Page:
DOOM Eternal: Ancient Gods; harder

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Id Software culminates the generational reboot with a double expansion of heart attack. The father of the First Person Shooters is still the most skillful and strict.

One of the most curious and recurrent practices when it comes to praising something is to use the intangible scale of “ceilings”: Streets of Rage 4 is the ceiling of his saga, Hades marks a new ceiling for his genre, and so on. Surely you have read expressions like these more than once, and you will continue reading them. It is a useful conceptual shortcut, which does its job well in establishing the position of one work in relation to the others. Although it is also one that does not always reflect the reality of those who try to go further, go beyond the known limits and risk losing users because they suddenly find themselves out of their comfort zone. Outside of that conceptual room with four walls and a ceiling. DOOM Eternal is one of those games.

Coinciding with the week of its first anniversary, Id Software has just released The Ancient Gods – Part Two, DLC that completes a Season Pass that also includes the first part released in October last year. In the absence of knowing what the future plans of the study are – now in the hands of Microsoft – with this duo of expansions, the arc opened formally closed in 2016, when the powerful Doom Slayer came out of his sarcophagus to slaughter demons and reinvent the saga which popularized the genre. Now, almost three decades after the first installment, The Ancient Gods is leaving DOOM in a new position of dominance. One that will prevent you from selling like other shooters, and one that is not without its own setbacks. But he also destroys any ceiling ideas with the same confidence with which the Doom Slayer destroys his enemies.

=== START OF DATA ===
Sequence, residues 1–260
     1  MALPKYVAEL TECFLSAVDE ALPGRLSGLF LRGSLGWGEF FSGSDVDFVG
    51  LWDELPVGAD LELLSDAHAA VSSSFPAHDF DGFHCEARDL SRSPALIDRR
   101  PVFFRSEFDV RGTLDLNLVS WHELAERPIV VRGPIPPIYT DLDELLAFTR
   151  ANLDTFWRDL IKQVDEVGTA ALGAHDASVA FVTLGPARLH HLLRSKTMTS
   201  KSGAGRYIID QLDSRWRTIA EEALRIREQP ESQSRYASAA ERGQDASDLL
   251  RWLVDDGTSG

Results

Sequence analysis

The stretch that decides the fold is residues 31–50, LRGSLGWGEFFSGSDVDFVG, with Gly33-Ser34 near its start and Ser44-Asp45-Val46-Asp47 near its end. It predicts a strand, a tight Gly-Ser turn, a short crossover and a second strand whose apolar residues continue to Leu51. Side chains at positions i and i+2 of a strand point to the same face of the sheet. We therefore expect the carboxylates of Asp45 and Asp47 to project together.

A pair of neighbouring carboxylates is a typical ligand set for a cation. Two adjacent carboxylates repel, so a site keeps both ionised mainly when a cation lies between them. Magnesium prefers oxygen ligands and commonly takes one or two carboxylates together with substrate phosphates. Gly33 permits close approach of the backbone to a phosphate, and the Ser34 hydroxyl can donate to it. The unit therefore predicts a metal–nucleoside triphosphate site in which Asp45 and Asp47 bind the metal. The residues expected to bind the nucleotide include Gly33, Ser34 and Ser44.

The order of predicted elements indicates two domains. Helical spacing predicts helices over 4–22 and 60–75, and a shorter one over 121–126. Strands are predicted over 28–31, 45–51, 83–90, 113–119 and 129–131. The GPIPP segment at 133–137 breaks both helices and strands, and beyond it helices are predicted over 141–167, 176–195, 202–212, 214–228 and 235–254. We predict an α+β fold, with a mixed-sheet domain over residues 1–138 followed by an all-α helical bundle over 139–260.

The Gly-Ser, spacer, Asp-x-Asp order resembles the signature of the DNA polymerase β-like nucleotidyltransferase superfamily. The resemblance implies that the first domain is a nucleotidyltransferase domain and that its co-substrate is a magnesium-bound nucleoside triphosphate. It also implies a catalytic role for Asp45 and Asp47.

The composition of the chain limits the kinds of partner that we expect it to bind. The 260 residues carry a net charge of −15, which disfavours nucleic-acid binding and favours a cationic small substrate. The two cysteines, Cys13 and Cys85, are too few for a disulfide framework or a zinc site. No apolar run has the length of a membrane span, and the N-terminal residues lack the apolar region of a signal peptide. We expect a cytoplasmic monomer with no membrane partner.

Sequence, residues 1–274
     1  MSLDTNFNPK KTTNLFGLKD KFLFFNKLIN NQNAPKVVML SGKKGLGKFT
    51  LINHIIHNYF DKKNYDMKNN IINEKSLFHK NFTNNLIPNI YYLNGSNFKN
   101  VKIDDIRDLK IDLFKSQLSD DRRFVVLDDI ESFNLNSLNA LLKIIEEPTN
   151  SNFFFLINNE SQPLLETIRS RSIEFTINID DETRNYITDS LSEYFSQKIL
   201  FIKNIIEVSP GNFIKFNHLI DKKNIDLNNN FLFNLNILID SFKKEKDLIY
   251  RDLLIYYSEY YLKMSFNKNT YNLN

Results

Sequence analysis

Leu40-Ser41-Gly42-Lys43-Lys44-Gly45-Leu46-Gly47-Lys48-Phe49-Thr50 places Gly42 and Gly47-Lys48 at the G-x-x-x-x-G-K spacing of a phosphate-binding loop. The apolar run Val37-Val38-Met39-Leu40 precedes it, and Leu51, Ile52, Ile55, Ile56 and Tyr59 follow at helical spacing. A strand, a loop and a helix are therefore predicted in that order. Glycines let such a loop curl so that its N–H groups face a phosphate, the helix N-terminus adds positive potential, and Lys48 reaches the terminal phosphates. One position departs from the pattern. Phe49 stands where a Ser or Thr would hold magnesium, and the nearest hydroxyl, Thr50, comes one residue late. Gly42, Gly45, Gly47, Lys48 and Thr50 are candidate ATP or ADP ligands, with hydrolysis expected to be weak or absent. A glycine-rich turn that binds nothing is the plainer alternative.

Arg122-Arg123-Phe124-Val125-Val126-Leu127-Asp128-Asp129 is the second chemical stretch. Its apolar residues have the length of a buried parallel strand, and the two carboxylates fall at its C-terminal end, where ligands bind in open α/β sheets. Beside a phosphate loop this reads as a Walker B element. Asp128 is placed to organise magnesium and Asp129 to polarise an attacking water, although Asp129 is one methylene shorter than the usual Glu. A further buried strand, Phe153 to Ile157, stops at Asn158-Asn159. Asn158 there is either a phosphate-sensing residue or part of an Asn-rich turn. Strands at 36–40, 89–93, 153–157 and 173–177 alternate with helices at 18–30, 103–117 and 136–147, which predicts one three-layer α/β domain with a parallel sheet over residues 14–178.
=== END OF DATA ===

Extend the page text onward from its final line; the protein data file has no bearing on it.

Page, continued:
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God of War

First, a quick detour for more context. Just a decade before DOOM Eternal, in March 2010, God of War III made its way to PlayStation 3. The Santa Monica title became one of the console’s best technical showcases, and although some fans noted some regression in design of levels to prioritize the pace of advancement and spectacularity, it was a critical and sales success, surpassing its PS2 predecessors. The third God of War may not have become the ceiling of the design – nor of the combat in a Hack and Slash considering that the first Bayonetta was released shortly before – but it did raise the bar for violence, both in the fidelity of recreation as in the indulgence of its use. It was a deliberately excessive game, cartoonish and grotesque in equal measure.

It was also the end of an era, although it was not immediately apparent. Santa Monica completed the transformation of Kratos into the living image of anger, an unquestionably villainous protagonist to all those around him. The mutilations delighted some, raised eyebrows in amazement for others, and culminated in a climax that only ended when the player stopped hitting the final boss. We can call it catharsis, cruelty, morbid. Does not matter. The important thing is that that kind of visceral epic reached its zenith and the middle, even without proclaiming it in a tacit way, decided to turn the page. Three years later, Santa Monica would sign a prequel shortly before Naughty Dog released The Last of Us. One became one of the most successful games of the new decade. The other marked the end of the pre-reboot saga and was discarded by Sony when it came to making remasters for PS4.

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